How to train your mind

If there is one thing that can be considered more necessary than building up your communication skills while trying to be a project manager, it has to be training your mind.

It’s the powerhouse, the inner core strength that will take you distances. When untrained, it’s the one that will be responsible for your downfall, the slips in your speech, one wrong action and the oops- you have done it again!

Train your mind by:

Reading more- Reading should not be limited to project management related books/articles only, don’t restrict yourself. Read anything catches your attention, browse through book stores often. You benefit by having a larger base of knowledge that will help you be much more innovative. Understand psychology or strategy - whatever gets your attention.

Toughest of times- It will be hard, it has to. But this is where you will hone your skill for the best. Staying composed in the most difficult of times will earn you that extra brownie later. Train yourself to find ways to soothe your nerves, vent out creatively and use that bursts of energy to re-channelize in something more positive- a way to get out of it. I jot down my problems and work it off like a puzzle. When I am too involved in the problem and can't think straight, I just sleep as much as I can for the next two days and I pick up the problem again later and to my surprise the intensity has weared off.

Be wise and bold- Use your opportunities wisely, be prepared. You never know when the opportunity will come and when it does, you shouldn’t have to pass. When I was learning to drive, a friend of mine told me something that I’ll never forget- never look at the car before you, always look two cars ahead; that way you know what will happen ahead of your time and you will be prepared. Work smart and get to know people.

Blow your own trumpet- If its all show and no work, this will not work. If you are really putting effort into something and doing well, make sure others know about it. You don’t have to be a snob, just make sure people are aware so you are in mind when they schedule the next resource for the special project. I put it mildly, I tell my Project Manager- Thank you for allowing me to do this, I really learnt a lot and if you are interested and have the time; this is what I did (show your work/email the matter).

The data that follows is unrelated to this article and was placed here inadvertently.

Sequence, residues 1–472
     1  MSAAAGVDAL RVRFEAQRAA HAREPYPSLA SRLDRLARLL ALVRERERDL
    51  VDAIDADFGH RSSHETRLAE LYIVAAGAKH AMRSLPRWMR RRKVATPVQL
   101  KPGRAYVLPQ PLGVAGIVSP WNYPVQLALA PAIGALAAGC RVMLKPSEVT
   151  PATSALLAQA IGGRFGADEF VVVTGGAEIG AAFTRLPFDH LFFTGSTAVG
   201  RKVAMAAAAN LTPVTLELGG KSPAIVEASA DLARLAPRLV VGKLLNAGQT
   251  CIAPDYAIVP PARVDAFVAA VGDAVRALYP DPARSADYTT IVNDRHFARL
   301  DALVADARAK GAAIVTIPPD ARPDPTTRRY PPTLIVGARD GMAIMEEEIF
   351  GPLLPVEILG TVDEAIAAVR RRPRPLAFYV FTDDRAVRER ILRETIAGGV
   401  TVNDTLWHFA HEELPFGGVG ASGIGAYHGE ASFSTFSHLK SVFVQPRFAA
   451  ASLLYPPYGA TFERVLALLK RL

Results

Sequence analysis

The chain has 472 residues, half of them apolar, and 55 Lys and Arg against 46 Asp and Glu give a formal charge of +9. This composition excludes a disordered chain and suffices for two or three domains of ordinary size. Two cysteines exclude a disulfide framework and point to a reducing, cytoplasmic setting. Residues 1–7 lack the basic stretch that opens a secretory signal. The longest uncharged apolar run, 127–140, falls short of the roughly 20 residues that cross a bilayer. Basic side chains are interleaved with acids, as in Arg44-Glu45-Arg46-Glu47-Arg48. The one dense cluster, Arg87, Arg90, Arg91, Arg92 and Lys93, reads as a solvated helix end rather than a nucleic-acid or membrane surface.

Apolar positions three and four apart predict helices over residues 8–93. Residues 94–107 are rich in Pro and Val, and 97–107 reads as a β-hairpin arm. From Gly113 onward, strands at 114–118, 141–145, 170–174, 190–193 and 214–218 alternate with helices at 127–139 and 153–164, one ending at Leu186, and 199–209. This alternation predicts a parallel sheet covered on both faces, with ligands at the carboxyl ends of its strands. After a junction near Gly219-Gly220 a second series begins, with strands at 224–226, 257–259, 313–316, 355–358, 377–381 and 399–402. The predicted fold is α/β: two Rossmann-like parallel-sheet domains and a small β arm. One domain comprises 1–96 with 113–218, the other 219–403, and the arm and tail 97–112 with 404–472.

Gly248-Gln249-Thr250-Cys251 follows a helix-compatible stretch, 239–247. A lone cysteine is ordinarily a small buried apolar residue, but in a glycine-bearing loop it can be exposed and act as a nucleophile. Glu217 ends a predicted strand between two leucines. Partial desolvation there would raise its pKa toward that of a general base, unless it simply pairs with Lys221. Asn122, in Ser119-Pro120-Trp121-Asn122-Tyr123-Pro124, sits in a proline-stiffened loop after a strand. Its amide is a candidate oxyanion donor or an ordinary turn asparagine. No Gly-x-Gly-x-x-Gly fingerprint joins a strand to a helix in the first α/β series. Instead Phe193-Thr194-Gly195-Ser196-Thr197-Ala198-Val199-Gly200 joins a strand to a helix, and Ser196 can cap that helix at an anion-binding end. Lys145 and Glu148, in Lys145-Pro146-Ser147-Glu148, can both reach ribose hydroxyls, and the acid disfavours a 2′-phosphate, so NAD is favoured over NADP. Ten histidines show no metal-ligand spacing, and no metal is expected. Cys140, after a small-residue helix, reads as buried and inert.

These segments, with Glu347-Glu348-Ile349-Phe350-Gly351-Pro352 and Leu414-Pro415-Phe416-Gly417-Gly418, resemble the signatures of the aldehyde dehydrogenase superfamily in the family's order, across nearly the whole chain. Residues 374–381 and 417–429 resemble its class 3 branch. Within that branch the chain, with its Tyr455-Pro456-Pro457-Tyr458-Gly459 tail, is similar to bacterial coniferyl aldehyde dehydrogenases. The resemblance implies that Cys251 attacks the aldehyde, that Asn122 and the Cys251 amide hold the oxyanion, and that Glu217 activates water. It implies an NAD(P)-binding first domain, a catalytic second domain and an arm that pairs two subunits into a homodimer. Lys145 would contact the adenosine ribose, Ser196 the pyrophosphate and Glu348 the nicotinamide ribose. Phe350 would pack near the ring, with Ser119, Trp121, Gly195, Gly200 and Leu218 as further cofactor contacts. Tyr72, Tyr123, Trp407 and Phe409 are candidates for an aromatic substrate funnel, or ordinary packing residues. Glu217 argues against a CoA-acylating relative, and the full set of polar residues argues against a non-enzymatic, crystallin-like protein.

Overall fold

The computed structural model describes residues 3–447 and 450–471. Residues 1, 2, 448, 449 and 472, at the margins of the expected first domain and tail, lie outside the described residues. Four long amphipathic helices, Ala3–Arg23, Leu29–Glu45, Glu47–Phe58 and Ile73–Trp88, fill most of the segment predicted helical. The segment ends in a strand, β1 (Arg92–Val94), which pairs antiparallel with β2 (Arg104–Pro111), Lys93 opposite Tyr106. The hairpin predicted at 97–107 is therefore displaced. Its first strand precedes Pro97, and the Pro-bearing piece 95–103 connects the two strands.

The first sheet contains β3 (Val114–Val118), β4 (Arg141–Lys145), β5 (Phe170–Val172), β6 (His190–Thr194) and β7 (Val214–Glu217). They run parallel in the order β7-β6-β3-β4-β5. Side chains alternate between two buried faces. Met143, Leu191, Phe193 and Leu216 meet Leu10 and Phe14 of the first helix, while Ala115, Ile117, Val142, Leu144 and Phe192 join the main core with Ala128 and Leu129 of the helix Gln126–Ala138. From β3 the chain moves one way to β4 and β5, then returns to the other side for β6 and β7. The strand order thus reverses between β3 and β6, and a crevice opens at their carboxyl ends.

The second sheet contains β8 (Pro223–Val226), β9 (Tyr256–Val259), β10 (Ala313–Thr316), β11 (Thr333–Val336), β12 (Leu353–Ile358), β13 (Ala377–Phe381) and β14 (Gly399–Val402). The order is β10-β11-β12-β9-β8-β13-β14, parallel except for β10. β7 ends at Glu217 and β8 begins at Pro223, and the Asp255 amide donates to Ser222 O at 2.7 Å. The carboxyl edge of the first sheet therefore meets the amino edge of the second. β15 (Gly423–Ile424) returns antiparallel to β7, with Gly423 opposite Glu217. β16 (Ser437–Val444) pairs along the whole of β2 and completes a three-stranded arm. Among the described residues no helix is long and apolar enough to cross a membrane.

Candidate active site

Persistence will pay off- How long can you hold on to your dreams? More closer you are to achieving it the harder it gets. Train yourself, so you don’t disintegrate during the tough times. Diversify the energy, stay calm and be confident in your abilities. It helps me to read books I have been waiting to read or watch movies which inspire me a lot.

Build your confidence- There’s nothing like it. More you know about projects or the inner details of your scope of work, more confident you become. Get external help, talk to people with same job profiles, have as much as information you possibly can. Never be complacent about your job, there’s always something more.

Be Calm- Tough cookie to crack if you can master this. Everyone will tell you including your project manager with 20 years of experience that this is the toughest to achieve. This will differentiate the ready from the naïve. Pressure, conflicts, internal politics, work load, more responsibility, deadlines, miscalculations- nothing can wash of the calm from your face. Think deeply, find your strengths and weaknesses and work extra hours to know yourself. What triggers you and what you can do to stop reacting immediately? For me personally, I have tried to stretch out my reaction time. If I am mad, I write the email and let it sleep over night. I come back next morning and read the email over and over again , edit it and in some cases even delete it. Dont burn bridges, world's too small. Like one of my favorite professor told me- learn to keep a poker face, thats what my professor told me.

(Pic Courtesy)


Josh said...

Good stuff Soma. Besides reading project management and business books, I personally enjoy science books very much. Especially physics related.

They are a good break from "work related" topics and something I enjoy, and yet I'm still learning.

It's difficult to fight the feeling that I'm "slacking off" sometimes when not focused 100% on business. I'm sure we all deal with that from time to time.

But all work and no play makes Josh a dull boy!

Josh Nankivel